Harmony in general is a pretty broad topic and there isn't just one option for how to do harmony. In general, harmony is the simultaneous or "vertical" relation between what is being played. There is the typical Western idea of functional harmony where the Tonic-Dominant relationship (I-V) drives the progressions we encounter, but there is a lot more out there.
Does harmony science help me solve these 2 problems above?
In general as a composer you have to choose how you want your harmony and melody to sound. It is not a science. There is no right or wrong, but you should be aware of what you are doing. For example, with just a G I can harmonize almost anything with it. It doesn't have just C, Em or G especially since I may not want to work in C major or G major. I may be tempted to play something like an F9 where the G would end up being the 9th. It all depends on what I want my melody and harmony to do.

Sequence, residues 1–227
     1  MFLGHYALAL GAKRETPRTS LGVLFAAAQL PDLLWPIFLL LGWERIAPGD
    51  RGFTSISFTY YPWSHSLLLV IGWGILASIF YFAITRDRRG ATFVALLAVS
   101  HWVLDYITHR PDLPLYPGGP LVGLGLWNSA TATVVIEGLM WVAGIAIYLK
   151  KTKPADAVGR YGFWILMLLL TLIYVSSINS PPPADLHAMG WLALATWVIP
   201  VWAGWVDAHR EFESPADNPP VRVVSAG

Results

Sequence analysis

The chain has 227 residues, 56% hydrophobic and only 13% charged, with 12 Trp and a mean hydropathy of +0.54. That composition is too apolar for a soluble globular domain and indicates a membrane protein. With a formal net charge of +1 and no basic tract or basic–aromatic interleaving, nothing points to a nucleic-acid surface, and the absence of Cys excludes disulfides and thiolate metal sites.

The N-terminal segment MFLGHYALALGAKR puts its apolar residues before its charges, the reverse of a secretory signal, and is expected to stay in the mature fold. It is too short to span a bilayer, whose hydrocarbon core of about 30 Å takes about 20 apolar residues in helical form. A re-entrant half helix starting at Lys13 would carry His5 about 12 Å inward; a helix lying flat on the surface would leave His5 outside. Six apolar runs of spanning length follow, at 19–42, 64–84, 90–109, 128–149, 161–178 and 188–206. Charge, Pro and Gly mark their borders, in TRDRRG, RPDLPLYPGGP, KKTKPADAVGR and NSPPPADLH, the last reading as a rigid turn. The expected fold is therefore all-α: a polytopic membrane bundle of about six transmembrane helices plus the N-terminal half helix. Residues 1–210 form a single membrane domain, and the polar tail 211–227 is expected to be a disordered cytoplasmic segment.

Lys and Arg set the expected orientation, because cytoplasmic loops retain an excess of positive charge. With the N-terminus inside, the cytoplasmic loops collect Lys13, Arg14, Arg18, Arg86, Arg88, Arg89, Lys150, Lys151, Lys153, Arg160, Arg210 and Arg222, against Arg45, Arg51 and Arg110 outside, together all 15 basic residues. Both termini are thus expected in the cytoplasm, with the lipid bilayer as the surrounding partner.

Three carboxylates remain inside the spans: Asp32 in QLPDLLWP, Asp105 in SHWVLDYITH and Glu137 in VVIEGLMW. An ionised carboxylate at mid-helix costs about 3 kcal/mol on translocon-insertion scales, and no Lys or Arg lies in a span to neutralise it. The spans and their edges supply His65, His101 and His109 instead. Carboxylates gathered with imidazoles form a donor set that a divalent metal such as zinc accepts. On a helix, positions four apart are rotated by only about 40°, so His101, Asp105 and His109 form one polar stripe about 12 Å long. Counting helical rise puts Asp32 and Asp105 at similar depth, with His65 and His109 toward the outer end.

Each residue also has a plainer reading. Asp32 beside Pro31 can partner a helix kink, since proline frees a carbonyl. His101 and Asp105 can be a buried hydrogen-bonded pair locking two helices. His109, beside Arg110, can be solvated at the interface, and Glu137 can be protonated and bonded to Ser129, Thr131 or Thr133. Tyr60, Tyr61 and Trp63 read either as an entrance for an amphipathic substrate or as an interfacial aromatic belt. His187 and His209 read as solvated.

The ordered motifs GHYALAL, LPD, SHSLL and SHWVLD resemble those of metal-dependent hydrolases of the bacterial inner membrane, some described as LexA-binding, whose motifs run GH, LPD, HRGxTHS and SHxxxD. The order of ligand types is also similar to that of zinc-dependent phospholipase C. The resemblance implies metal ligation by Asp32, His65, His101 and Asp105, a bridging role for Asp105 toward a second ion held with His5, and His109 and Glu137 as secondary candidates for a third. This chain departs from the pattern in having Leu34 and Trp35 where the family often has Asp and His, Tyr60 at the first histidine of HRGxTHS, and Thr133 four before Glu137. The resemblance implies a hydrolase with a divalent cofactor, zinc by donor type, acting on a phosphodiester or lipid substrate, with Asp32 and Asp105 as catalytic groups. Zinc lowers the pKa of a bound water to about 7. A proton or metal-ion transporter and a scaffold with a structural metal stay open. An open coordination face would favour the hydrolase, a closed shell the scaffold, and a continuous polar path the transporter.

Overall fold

There is one thing that should be pointed out. Whatever your harmony and melody is the should be related somehow. How will be up to you as a composer. For example when writing background parts when someone starts on a C note there are plenty of options. I could give two background vocals an E and G, or an E♭ and G, or an A and E, or A♭ and E♭, or an F and A, or an an F and A♭. All of those and many other work, however the harmony is much different and it may or may not be what you want as a composer. You need to know what you want then you can craft your melody and harmony the way that works for your ideas.